21st September 2014
The 10 games built into Roll Rage came from a small project that turned out much larger than I anticipated. I created around 15 mockup designs for the game and looking back at those now, only three made it into the final cut. Here how some of the ideas came about.


Survival was the first game in the series that I worked on. Originally, I thought it would be great for a player to time how fast they could roll from between each spaceship beam X number of times. I then introduced a death penalty for over-rolling, which would prevent players from aimlessly tilting their device. In the end, I scrapped the timer and turned it into a score-based game. The hardest part was coming up with the graphics to fit in the gameplay, because all I had was placeholders. As a result, Survival game was the last to get the graphics treatment.


Downfall ended up totally different to what I started with. Instead of tapping the screen to jump, it would change gravity so that the ball would start to roll on the roof. Whenever the ball was on the roof of the room, the player would have to reverse tilt to go in the right direction. I scrapped the idea because the gameplay didn't feel right and the tight screen space made it hard to create variations that worked on the dynamic generations of the floors.


The idea for the Multitasking game came about after abandoning the gravity idea in Downfall. The implementation works here because I introduce another ball and get rid of gravity switching altogether. The light and dark sides show the player that they are controlling two balls on opposite sides of the world, which explains why one is moving in contrast with the other. I doubt many people would pick up on that.


This idea for the Sensitivity game came about by accident when I multiplied the gyroscope results by a massive amount and caused the ball to shoot wildly out of control. I played about with it and thought it could make a great game. Originally, the ‘land’ was flat and had about 1000x more sensitive tilt data. You really had to work to keep the ball in the middle of the screen. The tilting rock idea came much later when I looked at one of the artist mockups for the Survival game.


Invasion is similar to a game called Pang in the way balls, or in Roll Rage case boulders, split up when shot. There is nothing more really to be said here.


Memorize was one of three original ideas I had, but they evolved somewhat. At first, I had a spike spinning across the screen on the ground floor. The player had to wait for it to pass before dropping down from the last platform and rolling straight into a lift. I replaced this with a raining star sequence. The prototype was all on one screen, which meant there was a limited number of platforms to remember. In the final version, the screen scrolls and the maximum possible platform difficulty is 100.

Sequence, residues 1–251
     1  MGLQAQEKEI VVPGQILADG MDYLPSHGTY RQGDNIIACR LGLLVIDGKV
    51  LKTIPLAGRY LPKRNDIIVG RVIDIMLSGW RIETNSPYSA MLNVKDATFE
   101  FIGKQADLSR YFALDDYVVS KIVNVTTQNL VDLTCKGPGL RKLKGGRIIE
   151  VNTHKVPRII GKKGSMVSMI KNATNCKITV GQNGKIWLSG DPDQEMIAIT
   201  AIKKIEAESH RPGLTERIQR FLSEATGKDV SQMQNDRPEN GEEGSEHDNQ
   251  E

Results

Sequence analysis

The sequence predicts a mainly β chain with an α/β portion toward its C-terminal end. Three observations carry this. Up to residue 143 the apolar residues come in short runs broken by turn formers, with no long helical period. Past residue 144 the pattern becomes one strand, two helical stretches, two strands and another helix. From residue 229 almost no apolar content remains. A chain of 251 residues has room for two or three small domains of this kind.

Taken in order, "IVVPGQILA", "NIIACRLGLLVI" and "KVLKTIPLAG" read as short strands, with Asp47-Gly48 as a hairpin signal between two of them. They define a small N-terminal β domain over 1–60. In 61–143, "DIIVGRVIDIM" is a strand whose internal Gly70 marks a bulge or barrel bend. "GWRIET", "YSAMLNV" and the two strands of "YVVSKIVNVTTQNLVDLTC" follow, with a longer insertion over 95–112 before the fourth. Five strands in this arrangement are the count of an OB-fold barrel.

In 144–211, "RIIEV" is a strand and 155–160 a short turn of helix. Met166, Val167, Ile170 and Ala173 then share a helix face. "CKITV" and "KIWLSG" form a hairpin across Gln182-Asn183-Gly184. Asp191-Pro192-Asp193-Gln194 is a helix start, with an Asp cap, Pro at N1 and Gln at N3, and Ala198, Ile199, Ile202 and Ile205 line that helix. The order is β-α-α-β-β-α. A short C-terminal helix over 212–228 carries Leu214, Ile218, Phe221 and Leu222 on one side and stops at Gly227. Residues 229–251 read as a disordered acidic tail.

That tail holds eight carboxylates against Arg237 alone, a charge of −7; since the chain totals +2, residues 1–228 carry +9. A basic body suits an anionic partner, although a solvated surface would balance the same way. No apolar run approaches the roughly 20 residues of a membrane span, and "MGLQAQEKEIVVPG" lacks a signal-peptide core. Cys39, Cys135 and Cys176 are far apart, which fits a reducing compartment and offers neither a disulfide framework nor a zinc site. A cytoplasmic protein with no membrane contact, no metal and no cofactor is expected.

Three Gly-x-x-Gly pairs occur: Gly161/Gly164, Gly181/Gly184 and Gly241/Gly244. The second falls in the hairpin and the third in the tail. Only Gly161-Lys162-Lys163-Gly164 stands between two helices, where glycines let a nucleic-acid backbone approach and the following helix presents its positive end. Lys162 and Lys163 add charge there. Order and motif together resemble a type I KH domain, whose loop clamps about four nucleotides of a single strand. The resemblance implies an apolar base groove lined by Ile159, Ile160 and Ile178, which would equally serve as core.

Evasion is also one of the three original ideas. Nothing really changed much, other than I added lava pouring from the pipes.


Collection went through quite a few changes. The bee was meant to permanently fly around the screen, but the randomness of several bees moving around meant the game became more about luck, rather than skill. I scrapped the idea and went for a reverse whackamole concept that starts when the bees settle down on the branch.


Eliminator was the last game I programmed and it’s probably my least favourite. The artist had already created the artwork, so it would have been a waste of his valuable time for me to scrap it because I didn't like it. I needed the graphics up front to make this one work, so it was a Catch 22 situation. However, people have told me that they really liked Eliminator, so maybe it’s pretty good after all.


The game mechanics behind Counteract are similar to absolutely nothing! Anyway, you have to change the ball’s direction and speed based on the movement of the rising platform. Originally, fruit fell randomly but I later changed things to include a paddle that the player can tap to release fruit and stars. The paddles were deliberately placed near the dangerous radioactive liquid to add a risk/reward factor to the gameplay. It took several iterations to get the gear system that releases the fruit to work realistically. Sometimes, it was impossible to tell what direction the conveyor belt was moving, which is why I added a shiny chain segment.

Find out more

Roll Rage is available from 20th November 2014 on the App Store. Visit the Roll Rage page for more information about the game.

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